Mysterio, one of the oldest characters in the Spider-Man mythos, will be introduced to movie audiences for the first time in less than one week. So far the mysterious new ally played by Jake Gyllenhaal has not revealed much of his motives and plans in trailers, much less his ultimate fate and place in the Marvel Cinematic Universe. For those unfamiliar with the source material, there’s a lot to be learned from the original comic books, both about who Mysterio is and how he might factor into Spider-Man: Far From Home. However, there are potential spoilers from this point forward as we look into how Mysterio has traditionally been portrayed. Take that as a fair warning.
For new audiences looking to get ahead of the movie or learn more about Mysterio after falling in love with Gyllenhaal’s performance, this should act as a perfect primer. We’ve collected Mysterio’s origin, his comics history, along with some of his greatest hits in comics (and other media) so far. This is everything someone would want to learn about Mysterio at a glance.
Creation & Origins
Mysterio first appeared in the first volume of Amazing Spider-Man #13, where he was co-created by artist Steve Ditko and writer Stan Lee in the midst of their iconic 41-issue run. He would only appear twice more before Ditko left the title, as the central antagonist of #24 and a founding member of the Sinister Six in Amazing Spider-Man Annual #1.
Ditko and Lee introduced Mysterio as Quentin Beck, a Hollywood special effects designer who decides to opt for a life of crime once his career as an actor stalls out. Mysterio’s modus operandi has remained consistent from his first encounter with Spider-Man, one in which he used tricks to rob the Midtown Museum, then battled and framed Spider-Man for the crime (by duplicating his abilities). His technological expertise has allowed him to both create very believable illusions and destructive suits along with independent constructs. That’s why he has been known as the “Master of Illusion” since his debut.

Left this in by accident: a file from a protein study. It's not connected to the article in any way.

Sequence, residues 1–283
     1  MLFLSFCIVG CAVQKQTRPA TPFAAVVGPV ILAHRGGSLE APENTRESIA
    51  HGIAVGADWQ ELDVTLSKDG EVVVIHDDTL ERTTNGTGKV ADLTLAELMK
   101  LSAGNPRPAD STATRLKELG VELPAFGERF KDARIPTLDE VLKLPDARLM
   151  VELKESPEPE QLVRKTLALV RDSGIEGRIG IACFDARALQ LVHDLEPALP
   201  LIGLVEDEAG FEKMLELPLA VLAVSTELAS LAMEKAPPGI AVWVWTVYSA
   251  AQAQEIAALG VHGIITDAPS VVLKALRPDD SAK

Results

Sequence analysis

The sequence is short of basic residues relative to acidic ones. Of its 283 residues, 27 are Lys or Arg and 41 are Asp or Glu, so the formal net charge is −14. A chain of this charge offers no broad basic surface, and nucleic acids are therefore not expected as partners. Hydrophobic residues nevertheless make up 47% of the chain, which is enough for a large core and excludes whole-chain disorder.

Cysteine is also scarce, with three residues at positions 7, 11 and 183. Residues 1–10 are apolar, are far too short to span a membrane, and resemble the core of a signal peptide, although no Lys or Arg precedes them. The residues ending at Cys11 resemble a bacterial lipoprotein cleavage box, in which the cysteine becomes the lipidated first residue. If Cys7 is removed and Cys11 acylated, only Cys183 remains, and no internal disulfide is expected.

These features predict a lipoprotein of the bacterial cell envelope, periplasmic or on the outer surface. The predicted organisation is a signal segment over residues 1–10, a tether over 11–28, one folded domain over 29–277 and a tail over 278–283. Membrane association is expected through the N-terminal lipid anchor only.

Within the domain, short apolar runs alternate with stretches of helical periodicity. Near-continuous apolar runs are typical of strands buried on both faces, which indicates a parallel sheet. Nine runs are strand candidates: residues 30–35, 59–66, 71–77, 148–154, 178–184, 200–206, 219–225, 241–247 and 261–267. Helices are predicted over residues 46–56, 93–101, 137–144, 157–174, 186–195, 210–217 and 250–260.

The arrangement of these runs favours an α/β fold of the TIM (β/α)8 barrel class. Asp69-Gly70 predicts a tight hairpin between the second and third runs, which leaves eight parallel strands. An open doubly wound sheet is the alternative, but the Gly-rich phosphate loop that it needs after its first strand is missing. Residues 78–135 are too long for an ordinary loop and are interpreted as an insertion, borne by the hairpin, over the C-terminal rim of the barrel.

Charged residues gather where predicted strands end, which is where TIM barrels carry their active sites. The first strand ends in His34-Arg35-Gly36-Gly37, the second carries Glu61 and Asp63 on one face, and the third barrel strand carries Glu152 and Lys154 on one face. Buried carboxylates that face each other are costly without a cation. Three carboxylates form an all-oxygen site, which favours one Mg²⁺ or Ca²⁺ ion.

Much of Mysterio’s history in comics is some rendition of his very first story. He has consistently battled Spider-Man using extravagant tricks, including hypnosis, faked deaths, and fake realities, in order to stop his adversary. Along the way he has often battled with allies, usually other Spider-Man foes in the Sinister Six, and crossed paths with some other heroes, including the Human Torch and Daredevil.
His encounter with Daredevil led to his apparent death. Quentin Beck had been released early from prison due to a terminal cancer diagnosis caused by his regular exposure to hazardous chemicals as Mysterio. After his final plan was undone by Daredevil, he committed suicide. It remains unclear whether this suicide was real or faked. In one future story, Mysterio returned with half of his head missing and confirmed that he had been in hell, and that was later ignored altogether when he returned again with his head intact.
Mysterio has been featured in a variety of events in recent years, including helping Doctor Octopus threaten an apocalypse in “Ends of the Earth” and crossing over to the Ultimate universe in Spider-Men. He remains a regular foe both for Spider-Man and other street-level superheroes like Deadpool and Scarlet Spider. His most recent appearance in Amazing Spider-Man (vol. 5) #24 suggests that he died when confronting Daredevil and was supernaturally returned to life, before his supernatural “savior” appears to kill him again. Movie audiences and comics readers alike will have to wait and see whether Mysterio had a trick up his sleeve to escape a second death.